The Labour Party has released its manifesto for how it will rebuild Britain if elected into power on 12 December 2019. And if the public response is anything to go by, Boris Johnson and the Tories have a problem. Because Labour just reminded voters what it feels like when a party has a plan for the entire country.
Labour’s manifesto focuses on policies that will benefit the many, not the few.
Ending crony privatisation
The crony privatisation of our utilities has seen the cost of living sky rocket. Worse, in most cases the taxpayer is still footing the bill, while private companies reap the profits. Privatised water alone costs £2.3bn a year more than necessary. In energy, private companies have quadrupled their profits since 1996. Meanwhile, household bills for electricity and gas have soared by a third and a half (in real terms) respectively.
Ever-increasing energy, water and rail bills from private companies are out of control. But no more. Because Labour will renationalise these natural monopolies, together with mail and broadband.
But rather than a nostalgic move to recreate the past, these plans are distinctly 21st century. The manifesto reads:
We will put people and planet before profit by bringing our energy and water systems into democratic public ownership. In public hands, energy and water will be treated as rights rather than commodities, with any surplus reinvested or used to reduce bills. Communities themselves will decide, because utilities won’t be run from Whitehall but by service-users and workers.
And reaction to the proposals has been a welcome one.
Rebuilding public services
Public services have been asset-stripped by nearly a decade of Tory austerity. If Labour wins on 12 December, they will be rebuilding those services. A National Education Service will scrap tuition fees, reintroduce maintenance grants, and promote lifelong learning.
If elected on 12 December, Labour has promised to scrap NHS privatisation and return to a publicly-funded, publicly-run health service. Shadow health secretary Jon Ashworth has pledged a fully-costed £26bn yearly cash injection to the NHS, along with a 10-point plan to reverse the impacts of austerity. The plans will return the NHS to the public.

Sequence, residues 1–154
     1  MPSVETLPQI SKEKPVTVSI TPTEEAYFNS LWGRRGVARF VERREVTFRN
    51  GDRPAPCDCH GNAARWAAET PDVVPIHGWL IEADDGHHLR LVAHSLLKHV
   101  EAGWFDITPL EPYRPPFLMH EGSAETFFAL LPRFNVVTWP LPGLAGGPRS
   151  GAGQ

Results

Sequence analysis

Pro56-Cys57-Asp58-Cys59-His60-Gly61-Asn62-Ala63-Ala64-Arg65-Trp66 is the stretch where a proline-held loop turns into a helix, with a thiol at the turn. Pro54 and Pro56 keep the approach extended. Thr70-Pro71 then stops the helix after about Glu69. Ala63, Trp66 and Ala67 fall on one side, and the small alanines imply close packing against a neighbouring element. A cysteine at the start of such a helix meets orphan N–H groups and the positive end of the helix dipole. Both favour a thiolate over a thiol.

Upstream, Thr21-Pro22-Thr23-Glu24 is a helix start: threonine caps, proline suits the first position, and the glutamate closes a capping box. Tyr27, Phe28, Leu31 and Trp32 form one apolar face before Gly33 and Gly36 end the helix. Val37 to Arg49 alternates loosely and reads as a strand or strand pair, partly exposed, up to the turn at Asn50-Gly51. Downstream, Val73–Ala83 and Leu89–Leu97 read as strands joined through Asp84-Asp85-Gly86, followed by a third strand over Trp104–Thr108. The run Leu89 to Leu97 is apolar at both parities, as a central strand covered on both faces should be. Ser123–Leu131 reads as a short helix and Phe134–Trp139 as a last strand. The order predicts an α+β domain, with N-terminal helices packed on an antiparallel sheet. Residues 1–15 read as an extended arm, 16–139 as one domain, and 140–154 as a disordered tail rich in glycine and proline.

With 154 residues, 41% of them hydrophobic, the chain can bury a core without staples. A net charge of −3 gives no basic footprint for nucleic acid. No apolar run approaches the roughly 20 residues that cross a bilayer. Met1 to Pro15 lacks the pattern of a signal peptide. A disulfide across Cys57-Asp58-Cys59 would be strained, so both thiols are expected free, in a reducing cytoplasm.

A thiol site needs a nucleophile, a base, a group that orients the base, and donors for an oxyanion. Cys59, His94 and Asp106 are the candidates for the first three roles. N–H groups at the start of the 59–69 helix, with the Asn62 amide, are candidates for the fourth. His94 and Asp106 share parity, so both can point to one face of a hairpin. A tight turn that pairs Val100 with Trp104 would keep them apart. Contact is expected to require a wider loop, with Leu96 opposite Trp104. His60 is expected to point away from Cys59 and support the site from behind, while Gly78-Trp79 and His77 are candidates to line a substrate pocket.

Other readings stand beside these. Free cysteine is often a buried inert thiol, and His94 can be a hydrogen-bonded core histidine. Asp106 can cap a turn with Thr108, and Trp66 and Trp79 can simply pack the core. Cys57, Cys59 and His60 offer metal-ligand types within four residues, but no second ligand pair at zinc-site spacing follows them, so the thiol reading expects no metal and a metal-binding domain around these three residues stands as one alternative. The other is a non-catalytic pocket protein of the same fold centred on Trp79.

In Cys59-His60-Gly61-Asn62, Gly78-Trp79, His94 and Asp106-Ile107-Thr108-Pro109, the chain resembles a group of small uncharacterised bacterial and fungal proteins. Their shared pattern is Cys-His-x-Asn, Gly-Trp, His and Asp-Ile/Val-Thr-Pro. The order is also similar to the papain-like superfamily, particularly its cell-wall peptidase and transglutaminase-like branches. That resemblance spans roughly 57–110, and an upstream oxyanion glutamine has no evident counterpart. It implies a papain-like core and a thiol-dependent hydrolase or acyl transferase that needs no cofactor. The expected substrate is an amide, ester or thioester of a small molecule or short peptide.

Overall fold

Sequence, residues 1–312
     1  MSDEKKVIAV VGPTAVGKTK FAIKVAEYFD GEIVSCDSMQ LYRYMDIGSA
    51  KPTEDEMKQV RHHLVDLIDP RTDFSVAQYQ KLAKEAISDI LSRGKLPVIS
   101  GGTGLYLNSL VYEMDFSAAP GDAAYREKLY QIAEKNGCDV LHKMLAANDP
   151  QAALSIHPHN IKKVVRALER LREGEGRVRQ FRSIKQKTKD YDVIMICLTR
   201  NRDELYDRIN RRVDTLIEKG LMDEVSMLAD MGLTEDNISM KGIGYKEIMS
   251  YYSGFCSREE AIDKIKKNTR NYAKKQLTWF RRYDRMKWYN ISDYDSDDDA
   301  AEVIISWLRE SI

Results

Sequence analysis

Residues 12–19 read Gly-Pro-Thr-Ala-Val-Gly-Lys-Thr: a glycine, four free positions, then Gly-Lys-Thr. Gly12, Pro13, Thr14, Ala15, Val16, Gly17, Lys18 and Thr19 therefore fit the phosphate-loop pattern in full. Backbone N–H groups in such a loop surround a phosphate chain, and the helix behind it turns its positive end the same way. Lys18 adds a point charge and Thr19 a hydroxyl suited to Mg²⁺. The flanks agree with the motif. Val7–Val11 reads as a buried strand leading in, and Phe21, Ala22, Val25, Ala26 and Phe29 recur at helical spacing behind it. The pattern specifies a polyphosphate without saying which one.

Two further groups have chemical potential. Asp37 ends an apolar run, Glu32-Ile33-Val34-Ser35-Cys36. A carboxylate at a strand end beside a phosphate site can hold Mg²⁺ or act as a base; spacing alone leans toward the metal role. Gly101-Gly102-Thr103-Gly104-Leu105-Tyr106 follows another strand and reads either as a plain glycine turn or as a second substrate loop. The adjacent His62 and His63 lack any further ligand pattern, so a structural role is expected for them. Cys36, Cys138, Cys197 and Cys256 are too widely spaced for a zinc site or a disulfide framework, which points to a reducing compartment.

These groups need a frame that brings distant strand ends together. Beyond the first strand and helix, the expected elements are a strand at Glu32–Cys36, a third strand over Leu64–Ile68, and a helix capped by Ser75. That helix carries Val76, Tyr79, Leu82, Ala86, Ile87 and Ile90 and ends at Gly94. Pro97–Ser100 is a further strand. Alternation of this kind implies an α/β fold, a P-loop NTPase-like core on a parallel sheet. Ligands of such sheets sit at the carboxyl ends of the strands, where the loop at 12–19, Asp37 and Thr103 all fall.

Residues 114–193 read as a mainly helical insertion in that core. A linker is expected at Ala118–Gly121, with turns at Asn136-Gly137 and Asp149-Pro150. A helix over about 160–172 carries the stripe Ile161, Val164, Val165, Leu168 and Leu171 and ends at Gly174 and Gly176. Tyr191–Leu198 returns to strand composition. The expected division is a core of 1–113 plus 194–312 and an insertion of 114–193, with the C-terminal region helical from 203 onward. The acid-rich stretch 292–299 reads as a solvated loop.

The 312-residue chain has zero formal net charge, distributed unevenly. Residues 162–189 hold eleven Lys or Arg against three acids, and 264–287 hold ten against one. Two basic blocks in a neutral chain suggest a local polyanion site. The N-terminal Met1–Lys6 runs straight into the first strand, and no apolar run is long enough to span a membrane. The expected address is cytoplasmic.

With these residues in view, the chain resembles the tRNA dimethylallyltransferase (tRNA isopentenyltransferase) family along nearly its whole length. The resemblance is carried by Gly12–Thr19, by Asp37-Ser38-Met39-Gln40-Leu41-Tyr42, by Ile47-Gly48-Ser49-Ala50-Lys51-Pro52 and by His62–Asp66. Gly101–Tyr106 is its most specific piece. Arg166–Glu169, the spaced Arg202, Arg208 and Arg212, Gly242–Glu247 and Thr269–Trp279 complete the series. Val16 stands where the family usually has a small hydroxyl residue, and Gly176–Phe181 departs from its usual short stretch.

A place to live, and a place to work
Labour’s manifesto looks to bring an end to the decade of falling wages and evaporating job security. Labour will use a windfall tax on Britain’s biggest polluters to create a million climate jobs. A Corbyn government would implement a Real Living Wage for all working people, and scrap the zero-hours contracts currently trapping almost 900,000 people. The party would also deliver a pay increase for all public-sector staff, who’ve seen their pay stagnate since 2010.
The manifesto reads:
We will create a million climate jobs in every region and nation of the UK – good, skilled jobs that will bring prosperity back to parts of our country neglected for too long.
We will bring in a Real Living Wage of at least £10 per hour for all workers – with equal rights at work from day one on the job. We will end insecurity and exploitation by ending zero-hours contracts and strengthening trade union rights.
And there are a string of measure to tackle the housing crisis as part of a £75bn “housing revolution”. The manifesto reads:
Labour will deliver a new social housebuilding programme of more than a million homes over a decade, with council housing at its heart.
The excitement surrounding the manifesto launch is a much-needed reminder. This is how we should feel about the future: excited, prepared and determined. The terror and anxiety that’s come with every budget day for this past decade is not normal. It’s time to rebuild, repair, and renew a country torn apart by ideological austerity. It’s past time.
Featured image via Wikimedia Commons